Top Children's Books of 2005 to Be Named
DEBBIE ELLIOT, host:
On Monday, hundreds of librarians from across the country will crowd into a smallish auditorium in San Antonio to hear who wins this years Caldecott and Newbery Medals. The American Library Association awards the Newbery for outstanding children's literature. The Caldecott goes to the best picture book.
Eden Ross Lipson is the former children's books editor of the New York Times and she joins us now for a look at the awards. Hello, there.
Ms. EDEN ROSS LIPSON (Former Children's Books Editor, New York Times): Hello.
ELLIOT: This is very secretive, the way they award these medals. It's not like the Academy Awards, where at least you know who the nominees are before hand. How does this work?
Ms. LIPSON: The American Library Association is one of those noble institutions that follows elaborately democratic procedures. And it's committees, committees, committees, committees. Each prize, and there are a number of prizes, has a committee of librarians and the committees have marathon meetings which end sooner or later with a telephone call, a mysterious telephone call to the winners and then the prizes are announced on Monday morning.
ELLIOT: So what are your picks for possible winners this year?
Ms. LIPSON: Some years there are odds-on popular favorites. Last year, for example, Kevin Henkes' very popular book, Kitten's First Full Moon, was the odds-on favorite and greeted with cheers when it was announced. There is no odds-on favorite this year. There are curious trends. There's been a proliferation of prizes in addition to the Newbery and Caldecott because as all of us who've raised children know, what works for a child of three, doesn't work for a child of five, and an 8-year-old is going to sneer, and a 12-year-old has different standards entirely. So there are now all these specialized subset awards.
ELLIOT: And I understand there's actually a brand new category that they're unveiling this year.
Ms. LIPSON: The newest category in addition to and informational book, in addition to excellence in young adult literature, this year will be the first announcement of the Theodore Seuss Geisel Award, which will be for the most distinguished contribution to the body of American children's literature known as beginning reader books published in the United States during the preceding year.
Did that sound like...
ELLIOT: It's a mouthful.
Ms. LIPSON: These don't come trippingly off the tongue.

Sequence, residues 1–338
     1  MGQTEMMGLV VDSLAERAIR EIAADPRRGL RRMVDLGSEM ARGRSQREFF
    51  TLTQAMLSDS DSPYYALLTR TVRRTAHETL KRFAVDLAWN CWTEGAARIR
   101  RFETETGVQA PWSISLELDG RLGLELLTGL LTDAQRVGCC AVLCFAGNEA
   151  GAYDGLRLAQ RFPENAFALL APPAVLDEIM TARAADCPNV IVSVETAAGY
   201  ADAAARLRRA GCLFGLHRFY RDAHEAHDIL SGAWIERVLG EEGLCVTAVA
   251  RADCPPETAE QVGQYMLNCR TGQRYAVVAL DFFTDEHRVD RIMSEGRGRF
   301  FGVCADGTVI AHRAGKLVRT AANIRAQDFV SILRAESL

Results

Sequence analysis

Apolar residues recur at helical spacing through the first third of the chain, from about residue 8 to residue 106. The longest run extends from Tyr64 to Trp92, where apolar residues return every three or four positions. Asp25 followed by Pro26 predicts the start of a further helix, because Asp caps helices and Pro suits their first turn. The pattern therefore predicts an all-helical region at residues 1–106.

ELLIOT: So they're looking for somebody who has an impact like Dr. Seuss did on children's literature.
Ms. LIPSON: Yes, and actually, the question of early readers and beginning books is a very interesting and important one at a time when children are surrounded by so many distractions from reading.
ELLIOT: I'm guessing Harry Potter must cast a long shadow in the world of children's books. What kind of influence do think he's having?
Ms. LIPSON: Well, Harry Potter has cast a long shadow in the world of books around the world. We've seen an awful lot of copycat fantasy series and a lot of elaborately mordent parallel series. At the same time, we've seen some very well known American adult writers turn their hand to children's books without breaking stride and succeeding very well.
ELLIOT: For example?
Ms. LIPSON: Carl Hiaasen, whose new book is Flush. Very engaging Carl Hiaasen type environmental adventure stories set in Florida. Francine Prose wrote a chilling young adult novel after 9/11 called After. There are a great many adult writers who think that they should be able to pull it off and are surprised by how very difficult it is.
ELLIOT: Why is it more difficult to write for children, say, than it is for adults?
Ms. LIPSON: The writing always has to be perfectly clear. I've been reading The Little House in the Big Woods to a third grade class at a public school in New York and I'm struck that these children who come from all over the world are as taken with the clarity of the prose as I was as a child. The prose has to perfect, it has to ring true. And today it has to go through a gauntlet of publishing.
ELLIOT: So what does winning, say a Caldecott or a Newbery mean in this complicated marketing system?
Ms. LIPSON: A lot. Winning a Newberry or a Caldecott means a lot because people going through the bookstores look at the gold and silver stickers. The traditional formula was that a Caldecott or a Newbery means 100,000 copies in hardcover in the first year because librarians trust each other and they will all immediately buy whatever the prize-winning books are and it also mans a fast bump on the best-seller list because people who are paying attention willing go out and buy them because people trust librarians. They're among the few groups that have honor in this divisive society.
ELLIOT: The Caldecott and Newbery Awards will be webcast live on Monday morning. To find out more, go to our website, npr.org. Eden Ross Lipson is the author of The New York Times Parent's Guide to the Best Books for Children. Thanks for being with us.
Ms. LIPSON: Thank you.
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